10. Jane Lynch (2011)
The Glee star was a game host, with a winning opening number, and particularly shined in the taped segments, namely a Jersey Shore spoof, even as the writing on the show itself was not up to par. But she gets all the points for this zinger: "A lot of people are very curious why I'm a lesbian. Ladies and gentlemen, the cast of Entourage."
9. Garry Shandling (2004)
Shandling's second and final stint was a nostalgia fest with callbacks to The Larry Sanders Show (with David Duchovny, natch) and an onstage reunion with Jeffrey Tambor, whom Shandling had to beg to utter his famous catchphrase.
8. Seth Meyers (2014)
The Saturday Night Live alum stuck to what he did best: telling wry jokes, many of which were about the fact that the Emmys were held on a Monday. The best bit was a Billy on the Street segment that made everyone google "Billy Eichner" afteward. This ceremony was six months after Meyers assumed the Late Night seat and you got the sense that he was trying to find his voice at the Emmys as much as he was at Late Night. Now that he's much more settled in his own show and has found his niche, if he gets the call to host again next year, we can probably expect a far sharper, more confident Meyers.
7. Conan O'Brien (2002)
Coco is one of the best two-time hosts the Emmys has ever had. His first go-around started with a taped bit with the Osbournes (their show won an Emmy that year) and he brought his usual wackadoo, self-deprecating flair to the live proceedings, including flirting with Jennifer Aniston, much to Brad Pitt's chagrin. Luckily, Garry Shandling was nearby.
6. Jimmy Kimmel (2016)
This is an example of learning from past experience. Gone were any poor taste jokes, though Kimmel did get off a good, pointed one about Bill Cosby — but he still kept his trademark bite. Speaking of bite, the highlights were an MIA Maggie Smith winning after Kimmel taunted her for her chronic award show absences, and Kimmel's nemesis Matt Damon sauntering out onstage, chomping on an apple, to needle him after his loss to John Oliver. We like 'em apples indeed.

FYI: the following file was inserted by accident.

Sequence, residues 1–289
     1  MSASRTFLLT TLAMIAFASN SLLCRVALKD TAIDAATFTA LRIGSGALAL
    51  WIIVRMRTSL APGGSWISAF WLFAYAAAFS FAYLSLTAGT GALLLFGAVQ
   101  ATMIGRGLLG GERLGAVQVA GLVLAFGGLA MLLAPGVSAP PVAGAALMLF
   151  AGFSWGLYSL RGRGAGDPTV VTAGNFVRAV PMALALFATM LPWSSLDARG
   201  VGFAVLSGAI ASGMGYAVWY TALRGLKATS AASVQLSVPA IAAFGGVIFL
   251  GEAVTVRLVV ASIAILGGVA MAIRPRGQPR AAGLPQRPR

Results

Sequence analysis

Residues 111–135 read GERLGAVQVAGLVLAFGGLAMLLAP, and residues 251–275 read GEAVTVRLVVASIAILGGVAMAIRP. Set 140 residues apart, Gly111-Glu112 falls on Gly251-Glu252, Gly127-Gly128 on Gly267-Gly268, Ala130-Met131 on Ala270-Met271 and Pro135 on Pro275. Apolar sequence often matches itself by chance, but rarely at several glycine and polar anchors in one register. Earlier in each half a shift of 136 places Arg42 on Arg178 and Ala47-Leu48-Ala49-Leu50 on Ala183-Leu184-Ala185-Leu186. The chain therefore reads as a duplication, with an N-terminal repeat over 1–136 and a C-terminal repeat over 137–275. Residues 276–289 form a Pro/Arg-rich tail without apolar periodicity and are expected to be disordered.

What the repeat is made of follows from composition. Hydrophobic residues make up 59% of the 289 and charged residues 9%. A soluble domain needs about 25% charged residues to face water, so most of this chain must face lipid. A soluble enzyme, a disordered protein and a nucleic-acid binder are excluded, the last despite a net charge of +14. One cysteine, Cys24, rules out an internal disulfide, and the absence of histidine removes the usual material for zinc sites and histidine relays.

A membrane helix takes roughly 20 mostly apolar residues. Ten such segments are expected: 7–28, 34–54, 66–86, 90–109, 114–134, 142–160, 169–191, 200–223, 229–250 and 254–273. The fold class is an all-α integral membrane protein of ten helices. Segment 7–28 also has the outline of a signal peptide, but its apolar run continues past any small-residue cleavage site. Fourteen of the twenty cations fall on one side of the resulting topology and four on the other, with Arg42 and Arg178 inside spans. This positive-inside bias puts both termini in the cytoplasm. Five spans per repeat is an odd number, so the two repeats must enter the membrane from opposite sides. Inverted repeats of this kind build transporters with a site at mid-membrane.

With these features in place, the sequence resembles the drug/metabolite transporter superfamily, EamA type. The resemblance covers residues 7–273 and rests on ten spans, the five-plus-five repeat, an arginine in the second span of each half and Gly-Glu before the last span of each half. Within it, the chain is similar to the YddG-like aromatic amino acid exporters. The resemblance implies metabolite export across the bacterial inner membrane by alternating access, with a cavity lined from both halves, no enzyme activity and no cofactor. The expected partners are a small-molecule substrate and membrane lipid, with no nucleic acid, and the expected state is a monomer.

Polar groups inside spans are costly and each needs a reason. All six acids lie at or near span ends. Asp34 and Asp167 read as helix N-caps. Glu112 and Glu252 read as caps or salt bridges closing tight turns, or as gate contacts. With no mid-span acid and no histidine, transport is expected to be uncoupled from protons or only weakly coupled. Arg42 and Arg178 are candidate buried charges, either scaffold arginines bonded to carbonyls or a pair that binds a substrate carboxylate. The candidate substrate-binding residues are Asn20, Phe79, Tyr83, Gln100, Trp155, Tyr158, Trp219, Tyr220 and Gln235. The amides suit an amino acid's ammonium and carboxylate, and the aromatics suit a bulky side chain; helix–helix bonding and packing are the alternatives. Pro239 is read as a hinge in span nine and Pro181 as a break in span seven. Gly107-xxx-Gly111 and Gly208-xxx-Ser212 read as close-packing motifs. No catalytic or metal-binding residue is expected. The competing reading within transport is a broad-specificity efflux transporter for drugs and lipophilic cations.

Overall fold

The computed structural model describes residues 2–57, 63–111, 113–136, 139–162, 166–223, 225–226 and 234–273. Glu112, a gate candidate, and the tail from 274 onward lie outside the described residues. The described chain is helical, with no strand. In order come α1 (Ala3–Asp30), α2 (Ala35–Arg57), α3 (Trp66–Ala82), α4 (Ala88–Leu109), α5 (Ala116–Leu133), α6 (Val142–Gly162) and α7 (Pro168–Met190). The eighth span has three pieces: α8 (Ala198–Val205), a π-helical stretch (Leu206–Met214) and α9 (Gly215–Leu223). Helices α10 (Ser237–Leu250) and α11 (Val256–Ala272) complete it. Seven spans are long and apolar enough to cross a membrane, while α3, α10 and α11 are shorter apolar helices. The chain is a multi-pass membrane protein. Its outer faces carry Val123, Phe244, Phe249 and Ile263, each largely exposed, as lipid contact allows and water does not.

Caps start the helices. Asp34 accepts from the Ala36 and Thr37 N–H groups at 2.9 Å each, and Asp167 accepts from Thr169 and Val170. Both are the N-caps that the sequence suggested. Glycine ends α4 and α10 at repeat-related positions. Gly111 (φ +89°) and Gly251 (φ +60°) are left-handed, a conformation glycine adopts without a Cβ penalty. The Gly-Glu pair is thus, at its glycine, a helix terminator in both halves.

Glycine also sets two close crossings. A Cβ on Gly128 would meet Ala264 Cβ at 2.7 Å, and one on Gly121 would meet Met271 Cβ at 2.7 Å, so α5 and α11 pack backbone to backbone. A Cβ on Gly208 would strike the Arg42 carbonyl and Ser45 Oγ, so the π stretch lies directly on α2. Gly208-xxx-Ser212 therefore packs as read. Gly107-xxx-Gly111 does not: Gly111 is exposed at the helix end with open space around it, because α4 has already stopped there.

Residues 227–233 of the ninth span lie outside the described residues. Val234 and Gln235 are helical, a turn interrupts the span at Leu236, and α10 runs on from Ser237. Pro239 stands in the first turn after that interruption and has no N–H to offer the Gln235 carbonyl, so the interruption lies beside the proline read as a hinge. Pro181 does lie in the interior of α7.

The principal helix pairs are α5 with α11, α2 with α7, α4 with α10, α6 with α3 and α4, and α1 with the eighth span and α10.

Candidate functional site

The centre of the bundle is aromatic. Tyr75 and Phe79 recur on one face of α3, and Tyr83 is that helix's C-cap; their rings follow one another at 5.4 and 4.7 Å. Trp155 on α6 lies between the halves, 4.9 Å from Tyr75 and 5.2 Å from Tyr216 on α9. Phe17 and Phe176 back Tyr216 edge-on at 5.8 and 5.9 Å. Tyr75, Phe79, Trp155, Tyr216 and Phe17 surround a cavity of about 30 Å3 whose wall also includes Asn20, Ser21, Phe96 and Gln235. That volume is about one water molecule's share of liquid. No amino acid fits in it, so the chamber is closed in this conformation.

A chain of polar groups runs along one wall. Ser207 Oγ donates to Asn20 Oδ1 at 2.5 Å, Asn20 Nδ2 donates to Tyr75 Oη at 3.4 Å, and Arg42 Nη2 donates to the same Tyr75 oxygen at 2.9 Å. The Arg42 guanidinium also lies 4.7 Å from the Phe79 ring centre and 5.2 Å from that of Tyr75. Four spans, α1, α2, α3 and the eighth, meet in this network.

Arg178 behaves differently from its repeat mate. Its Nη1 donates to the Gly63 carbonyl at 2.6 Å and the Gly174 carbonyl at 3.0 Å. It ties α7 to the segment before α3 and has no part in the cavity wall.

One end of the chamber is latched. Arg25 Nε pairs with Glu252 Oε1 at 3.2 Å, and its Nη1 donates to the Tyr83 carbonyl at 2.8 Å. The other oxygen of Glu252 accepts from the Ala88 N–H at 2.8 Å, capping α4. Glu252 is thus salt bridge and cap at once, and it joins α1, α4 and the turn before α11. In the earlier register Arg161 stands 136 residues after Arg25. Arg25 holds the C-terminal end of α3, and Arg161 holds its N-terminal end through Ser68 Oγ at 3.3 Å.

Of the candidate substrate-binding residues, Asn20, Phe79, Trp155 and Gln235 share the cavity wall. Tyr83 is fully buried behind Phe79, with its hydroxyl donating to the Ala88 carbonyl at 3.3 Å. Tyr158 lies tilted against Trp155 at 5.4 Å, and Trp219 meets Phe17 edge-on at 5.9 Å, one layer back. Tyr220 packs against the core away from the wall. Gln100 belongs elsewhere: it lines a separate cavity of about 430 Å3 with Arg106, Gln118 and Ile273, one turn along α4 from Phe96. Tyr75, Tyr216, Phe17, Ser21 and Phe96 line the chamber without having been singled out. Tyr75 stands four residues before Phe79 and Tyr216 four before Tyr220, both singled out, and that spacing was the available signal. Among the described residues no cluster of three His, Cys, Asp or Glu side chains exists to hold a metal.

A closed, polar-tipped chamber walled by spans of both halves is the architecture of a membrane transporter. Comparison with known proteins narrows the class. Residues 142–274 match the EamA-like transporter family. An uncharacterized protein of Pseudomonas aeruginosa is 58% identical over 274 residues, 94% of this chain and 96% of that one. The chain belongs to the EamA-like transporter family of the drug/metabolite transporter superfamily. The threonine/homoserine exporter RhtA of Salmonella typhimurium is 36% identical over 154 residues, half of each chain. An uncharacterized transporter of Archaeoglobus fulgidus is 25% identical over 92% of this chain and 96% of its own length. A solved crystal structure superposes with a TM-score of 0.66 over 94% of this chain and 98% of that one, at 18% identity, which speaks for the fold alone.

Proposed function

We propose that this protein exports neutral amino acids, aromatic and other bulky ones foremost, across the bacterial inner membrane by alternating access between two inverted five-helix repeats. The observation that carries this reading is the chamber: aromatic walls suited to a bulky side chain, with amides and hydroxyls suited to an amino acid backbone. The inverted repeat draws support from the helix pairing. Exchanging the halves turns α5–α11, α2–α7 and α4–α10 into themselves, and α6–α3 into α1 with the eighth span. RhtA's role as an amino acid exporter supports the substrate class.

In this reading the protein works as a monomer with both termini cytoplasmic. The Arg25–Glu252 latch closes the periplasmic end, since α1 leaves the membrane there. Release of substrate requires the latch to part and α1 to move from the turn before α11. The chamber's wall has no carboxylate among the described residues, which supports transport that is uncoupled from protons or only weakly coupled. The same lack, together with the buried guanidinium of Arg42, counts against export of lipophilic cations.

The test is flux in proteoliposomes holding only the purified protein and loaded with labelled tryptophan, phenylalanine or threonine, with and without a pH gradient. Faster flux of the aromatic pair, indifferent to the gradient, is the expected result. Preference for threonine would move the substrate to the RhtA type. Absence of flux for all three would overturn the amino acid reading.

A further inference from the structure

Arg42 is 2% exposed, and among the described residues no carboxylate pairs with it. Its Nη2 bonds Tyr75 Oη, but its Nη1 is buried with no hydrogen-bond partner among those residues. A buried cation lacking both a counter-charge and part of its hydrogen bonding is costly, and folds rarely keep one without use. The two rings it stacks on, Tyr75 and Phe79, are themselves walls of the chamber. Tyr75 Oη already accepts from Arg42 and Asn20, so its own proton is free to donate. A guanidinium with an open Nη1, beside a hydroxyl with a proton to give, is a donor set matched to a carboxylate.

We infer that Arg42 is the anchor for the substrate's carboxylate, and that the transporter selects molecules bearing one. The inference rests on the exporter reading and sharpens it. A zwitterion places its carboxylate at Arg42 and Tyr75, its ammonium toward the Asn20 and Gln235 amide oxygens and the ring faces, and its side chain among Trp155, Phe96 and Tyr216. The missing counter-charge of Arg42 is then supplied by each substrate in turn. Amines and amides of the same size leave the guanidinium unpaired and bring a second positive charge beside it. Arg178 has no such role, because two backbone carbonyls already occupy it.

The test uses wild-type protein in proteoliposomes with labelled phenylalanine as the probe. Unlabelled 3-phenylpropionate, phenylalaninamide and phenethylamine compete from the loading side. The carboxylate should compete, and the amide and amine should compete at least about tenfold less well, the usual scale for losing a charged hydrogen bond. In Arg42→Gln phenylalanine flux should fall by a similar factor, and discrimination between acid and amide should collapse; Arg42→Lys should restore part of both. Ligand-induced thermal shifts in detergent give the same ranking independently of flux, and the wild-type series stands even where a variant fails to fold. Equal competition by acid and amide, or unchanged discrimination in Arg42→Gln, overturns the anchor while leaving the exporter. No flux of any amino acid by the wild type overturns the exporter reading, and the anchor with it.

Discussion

5. Andy Samberg (2015)
The perpetually goofy Brooklyn Nine-Nine star's opening number revealed the true secret of Peak TV — there are a whole lotta Wives — and his monologue had a now very timely Trump joke ("Sure, Donald Trump seems racist... what else?"), but the piece de resistance was his insta-classic Mad Men series finale spoof. Dammit, Jerry.
4. Neil Patrick Harris (2009)
This was really the thing that started NPH's hosting run. His "Put Down the Remote" opener was exuberant fun and the Dr. Horrible segment was also winning. In fact, the only downside of the night for Harris was losing comedy supporting actor to Jon Cryer when everyone and their mother (no pun intended) expected him to take it home for How I Met Your Mother.
3. Conan O'Brien (2006)
Conan hit it out of the park again, opening with a perfect rendition of the ol' "insert host in various scenes" bit — the Lost one about not being invited that year, a casualty of the new, short-lived voting system, was sublimely executed. Even his ceremony-long gag of holding Bob Newhart captive in a glass case didn't grate, unlike, say, NPH's ill-advised box routine at the Oscars in 2015.
2. Jimmy Fallon (2010)
Like Dr. Greene on ER, Fallon set the tone with a lively Glee-inspired opening number that included Tina Fey, Jon Hamm and Betty White that instantly put the crowd in a great mood. Many have tried to imitate it, but few have executed it just as well.
1. Ellen DeGeneres (2001)
DeGeneres had the unenviable task of hosting the twice-delayed show (first due to 9/11 and then the war in Afghanistan). It's hard to even say what expectations were, but whatever they were, she more than exceeded them. Ellen found the ideal blend of humor and heart — choice line: "What would upset the Taliban more than a gay woman wearing a suit in front of a room full of Jews?" — and reminded everyone that laughter is always the best medicine.
The 69th Primetime Emmy Awards airs Sunday, Sept. 17 at 8 p.m. ET / 5 p.m. PT on CBS.